China holds celebration of 70th anniversary of Tibet's peaceful liberation

A central delegation is warmly welcomed by representatives from various ethnic groups and from all walks of life at an airport in Lhasa, capital of southwest China's Tibet Autonomous Region, Aug. 18, 2021. (Xinhua/Huang Jingwen)

LHASA, Aug. 19 (Xinhua) -- China on Thursday held a grand gathering to celebrate the 70th anniversary of the peaceful liberation of Tibet.

The event was held in Lhasa, capital of the Tibet Autonomous Region.

The national flag of the People's Republic of China was raised at the beginning of the celebration. People sang the national anthem.

A congratulatory message from the Communist Party of China (CPC) Central Committee, the Standing Committee of the National People's Congress, the State Council, the National Committee of the Chinese People's Political Consultative Conference (CPPCC) and the Central Military Commission was read.

Wang Yang, a member of the Standing Committee of the Political Bureau of the CPC Central Committee and chairman of the CPPCC National Committee, attended the gathering and presented congratulatory plaques and banners.

Wang also addressed the event.

Wang, who is leading a central delegation to Tibet, said the delegation is entrusted by the CPC Central Committee and Xi Jinping, general secretary of the CPC Central Committee, to jointly celebrate the 70th anniversary of Tibet's peaceful liberation with people of all ethnic groups in Tibet.

Wang called the peaceful liberation of Tibet in 1951 "a major victory in the cause of liberation of the Chinese people and China's reunification," saying it marked a historic transition with epoch-making significance for Tibet.

"Since then, Tibet has embarked on a path from darkness to brightness, from backwardness to progress, from poverty to prosperity, from autocracy to democracy, and from closeness to openness," Wang said. "A thriving socialist new Tibet is standing tall and firm at the rooftop of the world."

In the old Tibet, the reactionary and barbarous feudal serfdom was practiced.

With the establishment of socialist system and regional ethnic autonomy, the rights of people of all ethnic groups in Tibet to equal participation in the governance of state affairs and to administration of affairs of the autonomous region are fully ensured.

At present, Tibet has over 35,000 deputies of people's congresses and over 8,000 CPPCC members at various levels, 90 percent of whom are ethnic minorities, Wang said.

In the old days, agriculture and livestock in Tibet were at the mercy of nature; industry was non-existent; and a round trip between Xining and Lhasa would take more than six months.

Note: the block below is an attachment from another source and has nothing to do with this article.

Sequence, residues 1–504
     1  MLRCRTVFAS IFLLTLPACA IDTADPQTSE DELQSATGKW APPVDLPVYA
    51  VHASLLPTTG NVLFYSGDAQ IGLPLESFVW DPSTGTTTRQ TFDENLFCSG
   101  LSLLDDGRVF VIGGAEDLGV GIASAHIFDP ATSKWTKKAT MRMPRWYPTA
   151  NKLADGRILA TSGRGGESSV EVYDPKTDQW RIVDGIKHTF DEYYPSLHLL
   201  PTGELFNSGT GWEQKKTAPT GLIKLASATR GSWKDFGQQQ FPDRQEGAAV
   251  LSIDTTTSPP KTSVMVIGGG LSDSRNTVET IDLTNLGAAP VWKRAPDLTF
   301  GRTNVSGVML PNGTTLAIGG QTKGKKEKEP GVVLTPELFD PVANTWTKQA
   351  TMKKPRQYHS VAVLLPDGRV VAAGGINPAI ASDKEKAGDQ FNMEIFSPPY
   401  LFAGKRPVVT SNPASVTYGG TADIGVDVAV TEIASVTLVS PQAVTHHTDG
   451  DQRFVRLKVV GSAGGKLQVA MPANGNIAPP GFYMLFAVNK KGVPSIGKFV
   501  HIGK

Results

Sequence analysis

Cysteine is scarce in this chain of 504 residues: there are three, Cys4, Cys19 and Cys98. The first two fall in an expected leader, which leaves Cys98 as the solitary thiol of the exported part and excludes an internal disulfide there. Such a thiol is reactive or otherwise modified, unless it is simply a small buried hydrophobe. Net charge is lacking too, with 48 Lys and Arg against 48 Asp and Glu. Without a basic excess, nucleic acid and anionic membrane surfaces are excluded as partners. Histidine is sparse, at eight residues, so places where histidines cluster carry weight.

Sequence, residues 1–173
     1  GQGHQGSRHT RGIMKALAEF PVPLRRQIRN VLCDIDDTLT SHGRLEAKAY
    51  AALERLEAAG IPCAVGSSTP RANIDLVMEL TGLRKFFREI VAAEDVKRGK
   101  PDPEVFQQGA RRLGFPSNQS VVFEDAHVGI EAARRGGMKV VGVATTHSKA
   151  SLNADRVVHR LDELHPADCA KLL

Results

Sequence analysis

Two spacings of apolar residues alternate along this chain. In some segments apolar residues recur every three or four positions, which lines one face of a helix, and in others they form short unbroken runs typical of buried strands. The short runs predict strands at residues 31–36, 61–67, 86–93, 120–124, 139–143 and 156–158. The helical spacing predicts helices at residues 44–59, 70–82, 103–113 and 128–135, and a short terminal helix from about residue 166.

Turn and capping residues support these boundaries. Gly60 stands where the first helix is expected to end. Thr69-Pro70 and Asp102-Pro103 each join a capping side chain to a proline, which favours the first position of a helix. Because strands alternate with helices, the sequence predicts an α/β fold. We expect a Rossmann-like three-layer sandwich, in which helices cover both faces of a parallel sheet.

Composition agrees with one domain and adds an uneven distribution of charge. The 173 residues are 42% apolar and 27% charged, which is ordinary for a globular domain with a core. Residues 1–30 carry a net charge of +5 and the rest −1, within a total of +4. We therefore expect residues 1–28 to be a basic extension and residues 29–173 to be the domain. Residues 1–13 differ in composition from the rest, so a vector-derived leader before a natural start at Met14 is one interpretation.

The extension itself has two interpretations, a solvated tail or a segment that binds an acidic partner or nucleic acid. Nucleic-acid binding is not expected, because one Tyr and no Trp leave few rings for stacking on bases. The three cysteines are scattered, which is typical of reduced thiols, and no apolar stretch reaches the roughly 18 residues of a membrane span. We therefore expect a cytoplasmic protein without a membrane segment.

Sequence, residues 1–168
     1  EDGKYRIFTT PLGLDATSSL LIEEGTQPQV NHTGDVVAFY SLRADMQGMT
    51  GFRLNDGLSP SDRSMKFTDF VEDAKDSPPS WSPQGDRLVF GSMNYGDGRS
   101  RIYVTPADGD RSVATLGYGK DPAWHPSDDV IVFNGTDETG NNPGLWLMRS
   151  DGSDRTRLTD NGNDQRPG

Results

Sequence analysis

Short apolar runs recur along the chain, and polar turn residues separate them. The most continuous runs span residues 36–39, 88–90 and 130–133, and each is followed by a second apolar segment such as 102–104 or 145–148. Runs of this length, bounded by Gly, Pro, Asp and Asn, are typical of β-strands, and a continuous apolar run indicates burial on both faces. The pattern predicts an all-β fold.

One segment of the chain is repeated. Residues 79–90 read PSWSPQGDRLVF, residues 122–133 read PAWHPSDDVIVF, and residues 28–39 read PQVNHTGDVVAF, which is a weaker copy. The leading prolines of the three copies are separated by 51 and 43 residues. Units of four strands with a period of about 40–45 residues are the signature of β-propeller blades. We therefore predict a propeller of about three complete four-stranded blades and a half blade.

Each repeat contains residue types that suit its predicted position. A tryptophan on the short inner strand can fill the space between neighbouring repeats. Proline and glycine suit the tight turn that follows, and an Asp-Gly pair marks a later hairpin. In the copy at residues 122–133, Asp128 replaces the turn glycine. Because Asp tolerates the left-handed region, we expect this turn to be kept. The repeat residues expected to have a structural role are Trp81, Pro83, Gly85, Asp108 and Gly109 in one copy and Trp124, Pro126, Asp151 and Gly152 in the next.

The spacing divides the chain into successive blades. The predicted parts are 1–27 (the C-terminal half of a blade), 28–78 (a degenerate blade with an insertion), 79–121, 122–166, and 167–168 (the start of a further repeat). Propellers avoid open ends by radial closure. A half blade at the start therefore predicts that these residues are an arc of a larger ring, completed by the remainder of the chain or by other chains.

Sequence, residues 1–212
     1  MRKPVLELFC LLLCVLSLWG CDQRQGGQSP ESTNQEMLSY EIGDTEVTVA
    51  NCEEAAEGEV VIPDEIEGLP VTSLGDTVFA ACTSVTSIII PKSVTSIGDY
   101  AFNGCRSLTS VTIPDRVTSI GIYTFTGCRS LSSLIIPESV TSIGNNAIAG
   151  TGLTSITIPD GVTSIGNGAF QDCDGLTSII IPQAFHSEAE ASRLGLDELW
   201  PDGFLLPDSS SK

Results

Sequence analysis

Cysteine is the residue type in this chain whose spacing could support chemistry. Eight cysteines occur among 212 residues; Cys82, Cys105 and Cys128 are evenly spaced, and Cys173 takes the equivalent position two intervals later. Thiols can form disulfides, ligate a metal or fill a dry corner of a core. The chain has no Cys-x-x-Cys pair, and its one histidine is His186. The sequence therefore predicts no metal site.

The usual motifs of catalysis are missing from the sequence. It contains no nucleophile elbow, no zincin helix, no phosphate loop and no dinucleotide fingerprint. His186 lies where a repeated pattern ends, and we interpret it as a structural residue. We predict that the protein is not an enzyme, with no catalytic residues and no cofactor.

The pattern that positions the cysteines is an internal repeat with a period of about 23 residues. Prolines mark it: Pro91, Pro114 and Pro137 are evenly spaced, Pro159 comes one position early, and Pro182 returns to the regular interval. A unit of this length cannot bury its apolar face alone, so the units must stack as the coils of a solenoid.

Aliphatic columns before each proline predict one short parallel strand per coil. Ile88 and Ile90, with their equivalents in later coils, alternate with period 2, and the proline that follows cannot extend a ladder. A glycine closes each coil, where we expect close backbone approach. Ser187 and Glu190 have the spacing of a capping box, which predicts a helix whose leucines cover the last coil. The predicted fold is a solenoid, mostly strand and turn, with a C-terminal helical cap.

The GDP in Tibet soared past 190 billion yuan (about 29.3 billion U.S. dollars) in 2020 from merely 130 million yuan in 1951, Wang noted.

During the 13th Five-Year Plan period (2016-2020), Tibet hosted close to 160 million tourist visits.

Now 140 flights connect Tibet with the rest of the country and the world.

In the old Tibet, over 90 percent of Tibetans struggled for subsistence, and up to 95 percent were illiterate. Today, hunger and poverty is a thing of the past for people of all ethnic groups in Tibet, and per capita living space in Tibet is close to 40 square meters.

Meanwhile, the 15-year public-funded education is conducted across the region, ending the long-standing issue of school drop-out, Wang noted.

The average life expectancy has risen from 35.5 years in 1951 to 71.1 years.

Highlighting progress in ethnic unity in Tibet, Wang said separatist and sabotage activities committed by the Dalai group and hostile external forces have been crushed.

The central government has invested huge manpower, resources and funding to preserve and develop Tibet's fine traditional culture, Wang noted.

The Tibetan language is used extensively. Precious classics such as Epic of King Gesar were saved and collated. Close to 800 projects including thangka, Tibetan opera and Tibetan medicine have been placed on the List of Intangible Cultural Heritage.

Religious beliefs of all ethnic groups are fully respected, Wang said.

More than 1,700 temples in Tibet have full access to water, electricity, the Internet, fire fighting and other facilities. All of the 46,000 monks and nuns are covered by the government's social security scheme.

The Potala Palace, the Jokhang Temple and other temples and sites have been renovated and are under protection.

"Since the 18th CPC National Congress, Tibet has entered a new era, an era in which greater development and bigger changes have been made and more benefits delivered to the people than in the past," Wang said.

The region ranks among the top three in China in terms of annual average growth rate, and it has topped the country in terms of growth of per capita disposable income of rural residents for many years. Around 628,000 people have been lifted out of poverty.

"Together with the rest of the country, Tibet has, as envisaged, finished the building of a moderately prosperous society in all respects," Wang said.